DesignCon 2006, or at least the exhibition portion of it, wound down today with what appeared to be the best-attended day of the conference. The exhibitors I spoke to seemed pleased with their booth traffic, both in terms of quantity and quality. DesignCon turned out to be “the little conference that could.”
From an EDA editor’s perspective, though, it’s curious that while DAC’s big announcements are of the moment, the big news I gathered here is for announcement either later in February or early in March. So while this will be the last of my daily DesignCon updates, there’s more to come from this week spent at the conference.
Today’s meetings were mostly upbeat. GigaScale IC’s president Adam Traidman was crowing about Synopsys’s Professional Services’ decision to adopt GigaScale’s InCyte chip-estimation software for early die-size assessments. Additionally, this week marked the first anniversary of GigaScale’s www.chipestimate.com, where a free version of the software is available for use. According to Traidman, more than 4100 users of the site have run some 22,000 designs through the tool.
Formal-verification vendor Real Intent has announced an OEM agreement with Novas Software. According to marketing director Rich Faris, the agreement gives Real Intent the right to resell Novas’s graphical user interface with its Verix formal engine running under the hood. Tight integration with Novas’s Verdi automated debug environment melds the power of the Verix formal engine with Verdi’s property management and debug capabilities.
Pittsburgh-based (how ‘bout them Steelers?) startup DesignAdvance is showing signs of leaving the nest and standing on its own two feet. DesignAdvance’s flagship tool, CircuitSpace, brings much-needed automation to the manual and tedious process of placing components on PC boards. The company has completed a second $3 million round of funding and has also graduated from The Technology Collaborative’s Jumpstart program. The bad news there is that CEO Randy Eager and his staff loses rent-free office space next to its incubator, Carnegie Mellon University. The good news, though, is that DesignAdvance looks ready to run with what looks like an innovative product.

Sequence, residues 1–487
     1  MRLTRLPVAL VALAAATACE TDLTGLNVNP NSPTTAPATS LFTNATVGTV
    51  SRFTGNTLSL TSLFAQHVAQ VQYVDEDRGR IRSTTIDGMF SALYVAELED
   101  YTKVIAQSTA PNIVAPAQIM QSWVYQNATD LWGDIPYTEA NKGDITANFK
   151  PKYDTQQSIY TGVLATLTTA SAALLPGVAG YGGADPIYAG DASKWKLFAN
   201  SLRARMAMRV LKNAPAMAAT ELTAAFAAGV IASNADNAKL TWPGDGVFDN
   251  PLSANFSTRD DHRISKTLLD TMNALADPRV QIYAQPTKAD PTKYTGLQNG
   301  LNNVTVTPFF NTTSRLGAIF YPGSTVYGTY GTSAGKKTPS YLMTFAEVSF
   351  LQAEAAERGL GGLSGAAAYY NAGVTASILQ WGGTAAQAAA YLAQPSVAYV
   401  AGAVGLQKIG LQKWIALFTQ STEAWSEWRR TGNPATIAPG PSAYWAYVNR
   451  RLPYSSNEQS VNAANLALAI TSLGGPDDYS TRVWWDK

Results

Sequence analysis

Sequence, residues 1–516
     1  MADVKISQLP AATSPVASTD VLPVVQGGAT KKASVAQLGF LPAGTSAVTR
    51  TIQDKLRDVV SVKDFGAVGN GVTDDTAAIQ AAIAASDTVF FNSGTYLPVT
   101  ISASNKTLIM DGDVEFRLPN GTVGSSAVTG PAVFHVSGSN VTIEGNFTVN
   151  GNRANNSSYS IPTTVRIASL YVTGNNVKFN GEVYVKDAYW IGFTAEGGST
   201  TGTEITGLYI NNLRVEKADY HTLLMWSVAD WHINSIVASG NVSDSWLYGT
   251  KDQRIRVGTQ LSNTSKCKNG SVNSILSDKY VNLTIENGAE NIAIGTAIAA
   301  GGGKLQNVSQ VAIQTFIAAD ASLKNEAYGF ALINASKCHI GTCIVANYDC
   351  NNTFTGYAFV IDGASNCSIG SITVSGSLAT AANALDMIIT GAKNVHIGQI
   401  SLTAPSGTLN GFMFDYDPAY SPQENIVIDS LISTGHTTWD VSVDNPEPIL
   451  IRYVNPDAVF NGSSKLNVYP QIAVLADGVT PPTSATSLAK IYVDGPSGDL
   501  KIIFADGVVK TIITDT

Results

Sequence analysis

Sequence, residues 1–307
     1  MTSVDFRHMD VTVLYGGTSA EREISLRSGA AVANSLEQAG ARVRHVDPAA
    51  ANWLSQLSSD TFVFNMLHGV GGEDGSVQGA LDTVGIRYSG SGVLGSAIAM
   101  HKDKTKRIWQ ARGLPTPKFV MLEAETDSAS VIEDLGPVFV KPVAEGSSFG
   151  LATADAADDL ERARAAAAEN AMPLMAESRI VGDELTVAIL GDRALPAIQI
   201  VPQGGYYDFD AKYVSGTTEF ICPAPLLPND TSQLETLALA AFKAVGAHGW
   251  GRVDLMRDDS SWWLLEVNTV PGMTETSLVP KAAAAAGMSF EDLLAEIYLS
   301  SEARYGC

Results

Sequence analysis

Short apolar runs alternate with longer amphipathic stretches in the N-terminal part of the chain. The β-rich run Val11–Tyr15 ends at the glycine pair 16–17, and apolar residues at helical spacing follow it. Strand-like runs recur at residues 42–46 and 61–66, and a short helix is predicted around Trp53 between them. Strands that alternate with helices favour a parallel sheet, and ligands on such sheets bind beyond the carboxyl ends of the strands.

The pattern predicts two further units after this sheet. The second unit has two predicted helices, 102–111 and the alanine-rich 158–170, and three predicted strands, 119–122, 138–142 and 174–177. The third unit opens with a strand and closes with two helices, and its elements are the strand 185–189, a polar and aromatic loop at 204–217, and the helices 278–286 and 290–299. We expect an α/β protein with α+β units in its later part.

Speaking of innovation, DesignAdvance’s CircuitSpace got a huge boost from its win of a DesignVision award from the International Engineering Consortium here at DesignCon. CircuitSpace beat out tough competition in the PCB design tools category. For the record, here are the rest of this year’s DesignVision Award winners:
Cadence X Architecture Design Solution — Cadence Design Systems
Pioneer-NTB SystemVerilog Testbench Automation Tool — Synopsys
Crossbow — Amphenol TCS
Actel Fusion Programmable System Chip — Actel
1T-SRAM CLASSIC Memory Macros Family — MoSys
HardCopy II Structured ASIC Design Flow — Altera
WEBENCH Active Filter Designer — National Semiconductor
BERTSCOPE CR Clock Recovery — Synthesys Research
Let’s hear it for the winners!
I had a chance to catch up with Nancy Eastman, director of Altium Designer Applied Technologies, which recently launched v6.0 of its Altium Designer unified product-development environment. The latest news is that Altium has added support for discrete processors to the environment, including PowerPC and ARM devices. Designer 6.0 gives designers the flexibility to plug a processor into their designs and worry later about implementation options. Har.dware/software partitioning can be thought of as an optimization step as opposed to a world-defining decision.
There’s also new support for the Xilinx MicroBlaze FPGA-based soft processor for embedded designs. As a result, developers using Xilinx FPGAs and the Xilinx Embedded Development Kit can take full advantage of the Altium Designer environment to develop MicroBlaze-based systems.
At a conference that has so much emphasis on high-speed design, it was only fitting to have a chat with Ansoft, a purveyor of tools that have everything to do with high-speed IC and interconnect design. Ansoft’s director of business development, Larry Williams, spent some time explaining the synergies between Ansoft’s HFSS 3D field solver and its Nexxim simulator. HFSS adroitly extracts any and all discontinuities in a high-speed serial channel (such as PCI Express), with high-frequency effects represented as S parameters. That’s all well and good, but what is the designer to do with those S parameters? That’s where Nexxim comes in: the simulator can cascade those discontinuities, giving the designer a realistic picture of all of the parasitics in a given signal path.
HFSS v10 has just shipped for the PC platform; versions for Unix/Linux are coming soon. This latest revision of HFSS offers a distributed solve option. For each license you buy, you get the ability to distribute processing across 10 Linux systems. With Linux boxes getting cheaper by the minute, there’s a big time advantage to be had in leveraging distributed processing using HFSS.
That’s about it for now from DesignCon. If you’ve stayed with me this long, thanks for reading. Watch for timely updates from next month’s Design And Test in Europe (DATE) conference from Munich.